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JAMA. 2017 Nov 21;318(19):1913-1924. doi: 10.1001/jama.2017.17488.

Association of High-Sensitivity Cardiac Troponin I Concentration With Cardiac Outcomes in Patients With Suspected Acute Coronary Syndrome.

Author information

1
BHF Centre for Cardiovascular Science, University of Edinburgh, Edinburgh, Scotland.
2
Institute of Health and Wellbeing, University of Glasgow, Glasgow, Scotland.
3
Department of Emergency Medicine, Royal Brisbane and Women's Hospital, Brisbane, Australia.
4
School of Medicine, University of Queensland, Brisbane, Australia.
5
Faculty of Health, Queensland University of Technology, Brisbane, Australia.
6
Division of Emergency Medicine, McMaster University, Hamilton, Ontario, Canada.
7
Department of Pathology and Molecular Medicine, McMaster University, Hamilton, Ontario, Canada.
8
University Heart Center, Hamburg, Germany.
9
Atalmedial Diagnostic Centers, Hoofddorp, the Netherlands.
10
Department of Cardiology, Spaarne Gasthuis, Haarlem, the Netherlands.
11
Department of Medicine, University of Otago, Christchurch, New Zealand.
12
Emergency Department, Christchurch Hospital, Christchurch, New Zealand.
13
Cardiovascular Research Institute Basel and Department of Cardiology, University Hospital, Basel, Switzerland.
14
Department of Emergency Medicine and EMERGE, Royal Infirmary of Edinburgh, Edinburgh, Scotland.
15
Central Manchester University Hospitals NHS Foundation Trust and the University of Manchester, Manchester, England.
16
University Hospital South Manchester NHS Foundation Trust, Manchester, England.
17
Department of Emergency Medicine, Southmead Hospital, Bristol, England.
18
Department of Cardiology, Sunshine Coast University Hospital, University of the Sunshine Coast, Birtinya, Australia.
19
University of Michigan Medical School, Ann Arbor.
20
John Hopkins School of Medicine, Baltimore, Maryland.
21
Hennepin County Medical Center and Minneapolis Heart Institute, Abbott Northwestern Hospital, Minneapolis, Minnesota.
22
Department of Laboratory Medicine and Pathology, Hennepin County Medical Center and University of Minnesota, Minneapolis.

Erratum in

Abstract

Importance:

High-sensitivity cardiac troponin I testing is widely used to evaluate patients with suspected acute coronary syndrome. A cardiac troponin concentration of less than 5 ng/L identifies patients at presentation as low risk, but the optimal threshold is uncertain.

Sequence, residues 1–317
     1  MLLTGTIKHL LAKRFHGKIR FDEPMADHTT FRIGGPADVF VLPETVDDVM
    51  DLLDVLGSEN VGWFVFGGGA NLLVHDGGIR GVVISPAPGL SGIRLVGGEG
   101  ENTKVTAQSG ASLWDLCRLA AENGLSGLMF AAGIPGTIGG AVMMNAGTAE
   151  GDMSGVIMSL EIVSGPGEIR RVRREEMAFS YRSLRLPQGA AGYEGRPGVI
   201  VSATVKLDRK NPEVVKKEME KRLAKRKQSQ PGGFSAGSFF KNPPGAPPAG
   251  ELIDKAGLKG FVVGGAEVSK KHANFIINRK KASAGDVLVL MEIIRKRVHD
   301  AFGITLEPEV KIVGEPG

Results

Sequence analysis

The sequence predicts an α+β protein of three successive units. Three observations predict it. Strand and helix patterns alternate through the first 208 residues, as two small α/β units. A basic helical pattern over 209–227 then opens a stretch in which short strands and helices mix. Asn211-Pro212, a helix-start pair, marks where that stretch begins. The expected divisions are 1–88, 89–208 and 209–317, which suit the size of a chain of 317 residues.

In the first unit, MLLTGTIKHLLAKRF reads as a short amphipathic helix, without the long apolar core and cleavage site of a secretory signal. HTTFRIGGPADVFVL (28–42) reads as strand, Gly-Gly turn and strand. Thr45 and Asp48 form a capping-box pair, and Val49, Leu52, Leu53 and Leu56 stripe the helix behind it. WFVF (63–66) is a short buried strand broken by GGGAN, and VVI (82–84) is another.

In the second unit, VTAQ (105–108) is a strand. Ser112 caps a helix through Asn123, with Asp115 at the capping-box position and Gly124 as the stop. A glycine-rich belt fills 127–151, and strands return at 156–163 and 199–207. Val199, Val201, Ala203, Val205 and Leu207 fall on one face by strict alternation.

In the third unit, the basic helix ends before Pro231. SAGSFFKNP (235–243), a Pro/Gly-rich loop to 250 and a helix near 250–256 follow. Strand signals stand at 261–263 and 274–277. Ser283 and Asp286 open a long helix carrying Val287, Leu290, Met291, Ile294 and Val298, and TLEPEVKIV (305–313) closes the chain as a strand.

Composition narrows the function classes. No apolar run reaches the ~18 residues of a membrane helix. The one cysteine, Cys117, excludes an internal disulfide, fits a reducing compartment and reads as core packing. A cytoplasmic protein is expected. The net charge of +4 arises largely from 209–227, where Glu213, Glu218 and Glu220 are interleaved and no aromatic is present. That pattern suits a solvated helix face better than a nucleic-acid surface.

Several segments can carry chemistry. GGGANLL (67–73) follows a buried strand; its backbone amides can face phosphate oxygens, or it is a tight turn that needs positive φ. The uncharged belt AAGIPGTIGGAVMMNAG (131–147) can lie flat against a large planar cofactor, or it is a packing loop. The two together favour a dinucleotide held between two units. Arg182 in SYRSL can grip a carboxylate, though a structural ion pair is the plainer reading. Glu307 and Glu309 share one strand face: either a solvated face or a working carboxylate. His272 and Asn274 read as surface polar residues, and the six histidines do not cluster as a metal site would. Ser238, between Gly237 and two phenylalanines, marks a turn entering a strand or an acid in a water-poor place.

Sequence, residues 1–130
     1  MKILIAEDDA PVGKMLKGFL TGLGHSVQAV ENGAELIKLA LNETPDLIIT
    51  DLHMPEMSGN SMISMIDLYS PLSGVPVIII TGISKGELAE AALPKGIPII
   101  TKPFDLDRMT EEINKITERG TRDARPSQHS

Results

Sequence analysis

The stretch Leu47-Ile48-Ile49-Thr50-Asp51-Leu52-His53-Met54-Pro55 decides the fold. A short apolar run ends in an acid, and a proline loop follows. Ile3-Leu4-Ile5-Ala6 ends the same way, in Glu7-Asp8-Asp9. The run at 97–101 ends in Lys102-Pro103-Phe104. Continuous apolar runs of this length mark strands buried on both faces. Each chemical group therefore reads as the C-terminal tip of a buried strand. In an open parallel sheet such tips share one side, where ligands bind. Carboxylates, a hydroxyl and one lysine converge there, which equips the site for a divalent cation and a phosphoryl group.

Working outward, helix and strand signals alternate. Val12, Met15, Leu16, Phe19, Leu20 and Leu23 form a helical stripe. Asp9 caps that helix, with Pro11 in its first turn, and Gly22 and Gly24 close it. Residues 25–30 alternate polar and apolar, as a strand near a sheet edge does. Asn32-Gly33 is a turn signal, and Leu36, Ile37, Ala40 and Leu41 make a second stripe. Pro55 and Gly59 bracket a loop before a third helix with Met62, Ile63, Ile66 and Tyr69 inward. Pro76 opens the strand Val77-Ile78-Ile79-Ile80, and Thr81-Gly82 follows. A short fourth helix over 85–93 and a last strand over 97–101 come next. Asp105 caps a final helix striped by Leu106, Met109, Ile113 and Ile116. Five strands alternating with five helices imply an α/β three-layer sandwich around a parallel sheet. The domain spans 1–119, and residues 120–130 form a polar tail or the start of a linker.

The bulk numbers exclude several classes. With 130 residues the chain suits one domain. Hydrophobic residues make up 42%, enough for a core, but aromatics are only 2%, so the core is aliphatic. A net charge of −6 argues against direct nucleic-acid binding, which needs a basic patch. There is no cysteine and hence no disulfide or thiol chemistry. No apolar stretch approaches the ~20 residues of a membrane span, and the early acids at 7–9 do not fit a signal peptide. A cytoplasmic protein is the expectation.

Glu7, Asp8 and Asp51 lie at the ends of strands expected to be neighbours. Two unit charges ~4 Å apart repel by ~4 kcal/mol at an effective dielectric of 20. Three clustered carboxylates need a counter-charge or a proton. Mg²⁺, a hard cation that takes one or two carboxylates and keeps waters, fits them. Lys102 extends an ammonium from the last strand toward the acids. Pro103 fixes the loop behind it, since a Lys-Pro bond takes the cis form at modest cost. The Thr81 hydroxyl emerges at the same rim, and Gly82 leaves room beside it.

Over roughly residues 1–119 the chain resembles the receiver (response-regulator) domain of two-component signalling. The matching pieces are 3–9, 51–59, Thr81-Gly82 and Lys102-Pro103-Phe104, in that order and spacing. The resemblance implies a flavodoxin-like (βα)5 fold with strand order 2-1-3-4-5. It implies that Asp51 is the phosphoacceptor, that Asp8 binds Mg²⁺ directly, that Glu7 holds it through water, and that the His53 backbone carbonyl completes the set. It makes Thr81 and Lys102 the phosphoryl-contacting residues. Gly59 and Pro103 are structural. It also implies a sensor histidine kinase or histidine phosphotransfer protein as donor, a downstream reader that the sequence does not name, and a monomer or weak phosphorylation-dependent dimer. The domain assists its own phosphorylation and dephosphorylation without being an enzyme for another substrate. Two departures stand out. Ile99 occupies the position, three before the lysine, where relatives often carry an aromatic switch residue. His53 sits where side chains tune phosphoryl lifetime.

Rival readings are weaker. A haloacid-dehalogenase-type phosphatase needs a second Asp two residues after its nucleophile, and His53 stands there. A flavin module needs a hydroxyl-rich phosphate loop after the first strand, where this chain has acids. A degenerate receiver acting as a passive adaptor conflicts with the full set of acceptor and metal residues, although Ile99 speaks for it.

Objective:

To evaluate the performance of a cardiac troponin I threshold of 5 ng/L at presentation as a risk stratification tool in patients with suspected acute coronary syndrome.

Data Sources:

Systematic search of MEDLINE, EMBASE, Cochrane, and Web of Science databases from January 1, 2006, to March 18, 2017.

Study Selection:

Prospective studies measuring high-sensitivity cardiac troponin I concentrations in patients with suspected acute coronary syndrome in which the diagnosis was adjudicated according to the universal definition of myocardial infarction.

Data Extraction and Synthesis:

The systematic review identified 19 cohorts. Individual patient-level data were obtained from the corresponding authors of 17 cohorts, with aggregate data from 2 cohorts. Meta-estimates for primary and secondary outcomes were derived using a binomial-normal random-effects model.

Main Outcomes and Measures:

The primary outcome was myocardial infarction or cardiac death at 30 days. Performance was evaluated in subgroups and across a range of troponin concentrations (2-16 ng/L) using individual patient data.

Results:

Of 11 845 articles identified, 104 underwent full-text review, and 19 cohorts from 9 countries were included. Among 22 457 patients included in the meta-analysis (mean age, 62 [SD, 15.5] years; n = 9329 women [41.5%]), the primary outcome occurred in 2786 (12.4%). Cardiac troponin I concentrations were less than 5 ng/L at presentation in 11 012 patients (49%), in whom there were 60 missed index or 30-day events (59 index myocardial infarctions, 1 myocardial infarction at 30 days, and no cardiac deaths at 30 days). This resulted in a negative predictive value of 99.5% (95% CI, 99.3%-99.6%) for the primary outcome. There were no cardiac deaths at 30 days and 7 (0.1%) at 1 year, with a negative predictive value of 99.9% (95% CI, 99.7%-99.9%) for cardiac death.

Conclusions and Relevance:

Among patients with suspected acute coronary syndrome, a high-sensitivity cardiac troponin I concentration of less than 5 ng/L identified those at low risk of myocardial infarction or cardiac death within 30 days. Further research is needed to understand the clinical utility and cost-effectiveness of this approach to risk stratification.

PMID:
29127948
PMCID:
PMC5710293
DOI:
10.1001/jama.2017.17488
[Indexed for MEDLINE]
Free PMC Article

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